Born in a barn in 1909, Leo Fender seems an unlikely father of rock ’n’ roll. But as the man whose company perfected the solid-body electric guitar, his contribution to contemporary music cannot be overstated. Just take a look at the albums whose musicians thought enough of their Fender guitar to put it on the cover: Eric Clapton’s "Layla," Bruce Springsteen’s "Born To Run," Jeff Beck’s "Wired," The Pretenders’s (Chrissie Hynde) "Get Close," Bonnie Raitt’s "Nick of Time." The list of influential artists who play a Fender is just about endless.
Fender’s first solid-body electric guitar was introduced in 1950. It debuted as the one-pickup Esquire before the name of the two-pickup model was changed to Broadcaster. But Gretsch was already using the name Broadkaster on some of its instruments, so the name was changed again.
Between names, the company made the most of its remaining Fender Broadcaster decals by cutting off the word Broadcaster so that only the Fender brand made it onto the guitar’s headstock. Today, collectors call these guitars Nocasters. Only about 60 Nocasters were made, which makes them extremely collectible, but by April of 1951 the guitar would finally get a name that would stick, the Telecaster.
The Stratocaster came next in 1954. Unlike the Telecaster, whose ash body was outlined with rib-digging 45-degree edges, the Strat had a sculpted body that fit players like a glove. Three pickups gave the instrument unprecedented tonal range, as did a vibrato bar that would bend the guitar’s strings when pressed. And instead of the Telecaster’s blond, natural-wood finish, the Strat was offered in a number of colors, including the iconic sunburst (golden-yellow in the middle fading to black on the outside).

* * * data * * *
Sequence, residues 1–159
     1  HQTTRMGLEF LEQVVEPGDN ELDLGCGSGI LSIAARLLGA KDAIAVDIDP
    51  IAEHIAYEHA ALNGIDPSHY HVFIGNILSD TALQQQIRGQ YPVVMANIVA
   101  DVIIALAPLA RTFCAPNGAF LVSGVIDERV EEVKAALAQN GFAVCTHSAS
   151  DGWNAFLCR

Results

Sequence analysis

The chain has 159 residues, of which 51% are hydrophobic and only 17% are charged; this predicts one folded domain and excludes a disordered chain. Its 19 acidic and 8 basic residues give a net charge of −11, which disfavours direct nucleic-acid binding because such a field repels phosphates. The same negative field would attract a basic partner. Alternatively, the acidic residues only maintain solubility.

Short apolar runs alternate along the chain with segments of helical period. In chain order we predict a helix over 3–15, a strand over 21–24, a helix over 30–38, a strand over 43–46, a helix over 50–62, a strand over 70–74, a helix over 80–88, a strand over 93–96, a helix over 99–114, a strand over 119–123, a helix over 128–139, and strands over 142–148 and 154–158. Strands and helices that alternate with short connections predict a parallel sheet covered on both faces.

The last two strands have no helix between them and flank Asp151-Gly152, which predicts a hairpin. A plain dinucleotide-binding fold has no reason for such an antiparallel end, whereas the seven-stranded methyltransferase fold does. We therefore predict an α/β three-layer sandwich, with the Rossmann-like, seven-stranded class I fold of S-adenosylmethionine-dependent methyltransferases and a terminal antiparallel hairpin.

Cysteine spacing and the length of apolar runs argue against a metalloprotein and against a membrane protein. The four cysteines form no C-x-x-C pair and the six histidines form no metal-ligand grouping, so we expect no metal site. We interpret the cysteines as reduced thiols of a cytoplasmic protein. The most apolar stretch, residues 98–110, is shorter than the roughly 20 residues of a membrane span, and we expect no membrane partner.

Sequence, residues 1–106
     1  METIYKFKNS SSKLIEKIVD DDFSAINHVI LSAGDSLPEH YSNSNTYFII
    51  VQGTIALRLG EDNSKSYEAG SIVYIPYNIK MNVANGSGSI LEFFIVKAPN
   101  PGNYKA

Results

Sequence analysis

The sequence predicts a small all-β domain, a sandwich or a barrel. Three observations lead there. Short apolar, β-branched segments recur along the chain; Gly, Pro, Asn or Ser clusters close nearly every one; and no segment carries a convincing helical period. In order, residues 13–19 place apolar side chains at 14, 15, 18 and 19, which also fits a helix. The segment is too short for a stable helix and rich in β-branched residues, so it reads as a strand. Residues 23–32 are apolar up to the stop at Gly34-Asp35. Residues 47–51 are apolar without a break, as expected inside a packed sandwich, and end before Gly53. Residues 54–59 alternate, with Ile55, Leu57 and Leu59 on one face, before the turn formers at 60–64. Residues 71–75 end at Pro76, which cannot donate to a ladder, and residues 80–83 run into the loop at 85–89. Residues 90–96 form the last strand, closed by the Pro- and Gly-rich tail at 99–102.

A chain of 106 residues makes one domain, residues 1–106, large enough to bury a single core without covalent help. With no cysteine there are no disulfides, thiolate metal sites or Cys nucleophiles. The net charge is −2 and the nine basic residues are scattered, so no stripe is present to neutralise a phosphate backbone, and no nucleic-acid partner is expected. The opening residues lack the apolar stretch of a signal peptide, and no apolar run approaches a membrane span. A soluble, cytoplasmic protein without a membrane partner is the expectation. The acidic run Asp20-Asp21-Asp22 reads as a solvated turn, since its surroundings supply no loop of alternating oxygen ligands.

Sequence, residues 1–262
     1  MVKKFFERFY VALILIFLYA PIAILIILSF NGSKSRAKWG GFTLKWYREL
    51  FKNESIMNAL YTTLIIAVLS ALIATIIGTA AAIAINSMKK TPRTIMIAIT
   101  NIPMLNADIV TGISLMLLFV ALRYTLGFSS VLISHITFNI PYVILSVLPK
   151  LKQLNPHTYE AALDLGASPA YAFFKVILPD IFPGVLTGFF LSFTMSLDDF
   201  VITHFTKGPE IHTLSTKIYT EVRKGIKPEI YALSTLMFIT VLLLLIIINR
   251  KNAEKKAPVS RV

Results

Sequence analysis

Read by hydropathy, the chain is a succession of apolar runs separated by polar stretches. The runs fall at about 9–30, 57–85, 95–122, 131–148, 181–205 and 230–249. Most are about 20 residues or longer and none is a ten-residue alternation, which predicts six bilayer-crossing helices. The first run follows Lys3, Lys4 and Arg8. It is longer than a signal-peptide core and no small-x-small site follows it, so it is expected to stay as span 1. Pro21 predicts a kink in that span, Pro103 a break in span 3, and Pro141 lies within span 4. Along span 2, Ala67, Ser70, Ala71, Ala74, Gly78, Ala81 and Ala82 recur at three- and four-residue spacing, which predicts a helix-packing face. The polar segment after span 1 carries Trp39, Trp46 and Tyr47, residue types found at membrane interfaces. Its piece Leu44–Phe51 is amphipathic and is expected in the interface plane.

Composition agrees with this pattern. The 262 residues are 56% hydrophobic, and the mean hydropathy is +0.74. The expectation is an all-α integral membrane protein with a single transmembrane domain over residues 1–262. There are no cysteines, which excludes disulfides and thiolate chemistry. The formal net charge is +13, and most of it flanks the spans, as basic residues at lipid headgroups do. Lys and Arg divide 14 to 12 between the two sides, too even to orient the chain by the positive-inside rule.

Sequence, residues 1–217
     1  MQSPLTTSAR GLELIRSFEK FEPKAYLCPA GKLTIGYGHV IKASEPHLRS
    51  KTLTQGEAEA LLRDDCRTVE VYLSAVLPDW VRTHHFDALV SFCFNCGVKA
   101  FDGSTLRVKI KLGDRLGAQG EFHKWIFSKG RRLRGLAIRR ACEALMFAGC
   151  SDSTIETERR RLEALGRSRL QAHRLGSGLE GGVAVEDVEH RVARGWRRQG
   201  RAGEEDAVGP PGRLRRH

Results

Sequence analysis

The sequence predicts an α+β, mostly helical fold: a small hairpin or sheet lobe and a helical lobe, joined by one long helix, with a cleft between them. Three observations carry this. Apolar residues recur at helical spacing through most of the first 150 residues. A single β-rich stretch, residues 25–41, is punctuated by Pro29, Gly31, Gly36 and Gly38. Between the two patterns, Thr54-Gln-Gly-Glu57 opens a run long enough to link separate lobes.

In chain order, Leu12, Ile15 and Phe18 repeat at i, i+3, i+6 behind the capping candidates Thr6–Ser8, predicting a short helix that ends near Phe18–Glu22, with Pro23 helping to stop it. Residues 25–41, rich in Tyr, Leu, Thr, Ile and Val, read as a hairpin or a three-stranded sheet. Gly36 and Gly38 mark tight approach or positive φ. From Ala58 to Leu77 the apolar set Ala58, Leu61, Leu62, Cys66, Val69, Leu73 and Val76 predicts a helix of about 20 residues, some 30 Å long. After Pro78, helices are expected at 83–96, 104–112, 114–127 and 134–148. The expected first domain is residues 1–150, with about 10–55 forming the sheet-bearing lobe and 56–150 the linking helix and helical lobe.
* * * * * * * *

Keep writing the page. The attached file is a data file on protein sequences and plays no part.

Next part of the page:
Solid-body electric bass guitars were also a Fender innovation. The Precision bass was introduced in 1951. It had a headstock that was virtually identical to that of the Telecaster and a body that turned out to be a preview of the 1954 Strat. By 1957, the Precision’s headstock had been redesigned to mirror the Stratocaster’s, and that version of the bass remains largely unchanged today. The Jazz Bass was added to the low-octave lineup in 1960, and a six-string bass was offered in 1961.
Fender launched two other major guitar lines in the 1950s. The first of these was a pair of low-cost models, the Duo-Sonic and the Musicmaster, both of which were introduced in 1956. These guitars were for kids who wanted to learn how to play without having to shell out the big bucks for a Stratocaster ($274.50 for a Strat versus $119.50 for a Musicmaster). The other initiative was a high-end guitar called the Jazzmaster, which retailed at the time for $329.50. It had a rosewood fingerboard on the standard maple neck, and switches that let the guitarist bounce between rhythm and lead sounds.
In 1962, Fender introduced the Jaguar, which combined a Jazzmaster body with a Stratocaster head. The Mustang, an update of the Duo-Sonic, was added in 1964. Years later, Nirvana...